The Carter Centre has urged political leaders in Kenya to engage in dialogue in the limited time remaining before the scheduled repeat presidential poll tomorrow.
In a statement issued Tuesday, the Centre observed that there is “increased insecurity, a lack of dialogue, and narrowing prospects for a credible presidential election on October 26”.
It said that leaders should use the limited time before the repeat poll to dialogue and find an mutually agreeable way forward in order to allow IEBC conduct the election in a peaceful environment.
The statement further observed that a recent statement by IEBC Chairman Wafula Chebukati to the effect that “IEBC is technically prepared to conduct the polls” show that the commission cannot conduct a credible election due to the current political impasse.
The Centre also observed that cases pending before the Supreme Court could result in a decision to delay the election. If that happens, the Carter Centre says the resultant delay should be used to ensure that political leaders and IEBC quickly agree on how a competitive, inclusive, and credible election can be held as soon as possible.
In its September 1 ruling annulling the August 8 presidential election, the Supreme Court ordered IEBC to conduct a fresh election in 60 days which expire on October 31.
“Given the heightened political tensions, it is imperative that Kenya’s political leaders find a mutually acceptable path forward for holding credible democratic elections,” said former US President Jimmy Carter.
“If sanctioned by the Supreme Court, the main political leaders should signal their support for a short delay in the [election] to allow space for renewed dialogue and to agree on any additional electoral reforms necessary to enable credible [election],” Mr Carter added.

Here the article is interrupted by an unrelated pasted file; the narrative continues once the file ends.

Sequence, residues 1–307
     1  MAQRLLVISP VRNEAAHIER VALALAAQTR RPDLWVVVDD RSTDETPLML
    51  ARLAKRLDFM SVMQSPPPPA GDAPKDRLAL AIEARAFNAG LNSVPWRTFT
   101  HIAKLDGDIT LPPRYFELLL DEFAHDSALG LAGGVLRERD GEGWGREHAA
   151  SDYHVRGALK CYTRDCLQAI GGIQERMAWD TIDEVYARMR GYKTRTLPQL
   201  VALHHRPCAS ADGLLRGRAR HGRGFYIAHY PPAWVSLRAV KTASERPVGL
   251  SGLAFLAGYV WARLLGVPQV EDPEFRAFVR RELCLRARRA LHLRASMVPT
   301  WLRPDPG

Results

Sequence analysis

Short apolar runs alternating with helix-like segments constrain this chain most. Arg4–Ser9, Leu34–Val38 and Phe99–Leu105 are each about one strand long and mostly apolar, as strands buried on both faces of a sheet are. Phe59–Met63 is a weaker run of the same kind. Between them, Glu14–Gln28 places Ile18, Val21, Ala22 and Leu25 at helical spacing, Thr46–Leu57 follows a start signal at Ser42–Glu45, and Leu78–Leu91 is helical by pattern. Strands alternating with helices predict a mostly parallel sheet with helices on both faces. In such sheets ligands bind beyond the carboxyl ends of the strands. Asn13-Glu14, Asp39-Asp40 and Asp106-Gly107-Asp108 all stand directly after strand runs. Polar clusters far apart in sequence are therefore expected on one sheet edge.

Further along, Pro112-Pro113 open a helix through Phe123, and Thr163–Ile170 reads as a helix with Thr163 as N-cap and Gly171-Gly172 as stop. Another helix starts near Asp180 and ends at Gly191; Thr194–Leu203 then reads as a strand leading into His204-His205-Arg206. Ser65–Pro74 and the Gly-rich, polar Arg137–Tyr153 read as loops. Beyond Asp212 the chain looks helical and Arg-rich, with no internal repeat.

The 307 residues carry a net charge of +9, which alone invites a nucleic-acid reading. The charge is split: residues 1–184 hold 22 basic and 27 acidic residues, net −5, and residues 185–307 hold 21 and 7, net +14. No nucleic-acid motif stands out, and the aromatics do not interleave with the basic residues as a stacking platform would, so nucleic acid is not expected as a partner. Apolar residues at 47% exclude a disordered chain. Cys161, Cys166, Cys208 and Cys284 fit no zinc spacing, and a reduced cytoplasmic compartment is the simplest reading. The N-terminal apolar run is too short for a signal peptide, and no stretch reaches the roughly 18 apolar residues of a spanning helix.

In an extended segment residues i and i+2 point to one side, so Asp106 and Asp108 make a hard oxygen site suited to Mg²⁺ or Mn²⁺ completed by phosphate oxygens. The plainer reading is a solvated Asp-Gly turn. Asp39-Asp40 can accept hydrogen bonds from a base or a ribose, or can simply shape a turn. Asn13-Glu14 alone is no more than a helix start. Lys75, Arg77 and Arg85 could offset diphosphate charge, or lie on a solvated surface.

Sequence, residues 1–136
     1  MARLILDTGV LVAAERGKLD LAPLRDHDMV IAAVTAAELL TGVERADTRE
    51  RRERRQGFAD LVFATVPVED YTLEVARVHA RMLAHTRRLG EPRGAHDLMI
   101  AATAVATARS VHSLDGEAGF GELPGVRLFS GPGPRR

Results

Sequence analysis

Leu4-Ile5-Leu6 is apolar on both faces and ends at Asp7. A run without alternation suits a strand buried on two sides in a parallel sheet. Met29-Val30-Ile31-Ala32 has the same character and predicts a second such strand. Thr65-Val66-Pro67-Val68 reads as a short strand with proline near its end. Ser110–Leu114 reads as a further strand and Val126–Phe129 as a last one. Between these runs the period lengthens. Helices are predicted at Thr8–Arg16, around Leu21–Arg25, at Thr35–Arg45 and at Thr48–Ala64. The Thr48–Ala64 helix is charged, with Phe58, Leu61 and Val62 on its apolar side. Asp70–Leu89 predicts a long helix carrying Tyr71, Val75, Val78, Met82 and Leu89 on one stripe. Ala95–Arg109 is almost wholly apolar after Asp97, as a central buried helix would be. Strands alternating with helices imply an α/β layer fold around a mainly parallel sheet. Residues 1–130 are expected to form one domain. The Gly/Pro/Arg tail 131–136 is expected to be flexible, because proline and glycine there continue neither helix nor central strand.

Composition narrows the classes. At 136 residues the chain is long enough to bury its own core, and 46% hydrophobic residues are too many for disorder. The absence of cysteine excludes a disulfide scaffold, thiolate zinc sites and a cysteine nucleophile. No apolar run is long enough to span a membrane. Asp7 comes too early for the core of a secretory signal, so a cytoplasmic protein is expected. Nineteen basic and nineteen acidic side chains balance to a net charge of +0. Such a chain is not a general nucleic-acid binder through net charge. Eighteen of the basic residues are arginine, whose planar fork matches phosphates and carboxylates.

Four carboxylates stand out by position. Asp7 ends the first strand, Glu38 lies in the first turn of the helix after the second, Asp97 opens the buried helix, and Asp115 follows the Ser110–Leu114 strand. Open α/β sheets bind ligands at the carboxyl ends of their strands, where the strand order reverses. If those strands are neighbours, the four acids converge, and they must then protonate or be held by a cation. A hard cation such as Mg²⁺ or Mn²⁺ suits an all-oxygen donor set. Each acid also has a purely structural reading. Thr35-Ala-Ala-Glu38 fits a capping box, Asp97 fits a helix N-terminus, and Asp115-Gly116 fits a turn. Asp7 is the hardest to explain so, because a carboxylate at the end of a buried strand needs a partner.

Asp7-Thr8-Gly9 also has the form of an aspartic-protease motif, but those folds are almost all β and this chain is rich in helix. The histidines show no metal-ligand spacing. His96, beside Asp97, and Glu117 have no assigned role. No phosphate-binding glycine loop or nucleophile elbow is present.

On Tuesday, Chief Justice David Maraga certified as urgent a case by three voters seeking to stop the Thursday repeat presidential poll.
The three moved to court arguing that the prevailing environment in the country cannot guarantee a credible election.
At the same time, the Carter Centre announced that due to the heightened political tensions in Kenya, it will not deploy a full election observation mission for the October 26 election.
It will instead deploy a limited observation mission with 10 long-term observers and a small team of election experts to assess the general electoral environment.
The experts will also assess key procedural changes made by IEBC, especially in relation to tallying processes at the constituency tallying centres.
On the ongoing demonstrations by Nasa supporters, the Carter Centre urged security agents to act with restraint when dealing with the protestors.
“If there are disruptions, it is incumbent upon President Uhuru Kenyatta and other state actors to exercise restraint when confronted by citizens who are exercising their right to protest peacefully,” the Centre said in its statement.
Team presents petition at AU and IGAD headquarters in Ethiopia.